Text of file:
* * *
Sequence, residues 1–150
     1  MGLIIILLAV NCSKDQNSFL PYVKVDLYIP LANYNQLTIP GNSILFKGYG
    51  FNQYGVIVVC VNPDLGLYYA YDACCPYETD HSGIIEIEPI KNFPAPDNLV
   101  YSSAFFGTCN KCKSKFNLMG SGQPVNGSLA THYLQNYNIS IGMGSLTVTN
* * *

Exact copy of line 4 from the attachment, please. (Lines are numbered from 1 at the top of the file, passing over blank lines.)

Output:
   101  YSSAFFGTCN KCKSKFNLMG SGQPVNGSLA THYLQNYNIS IGMGSLTVTN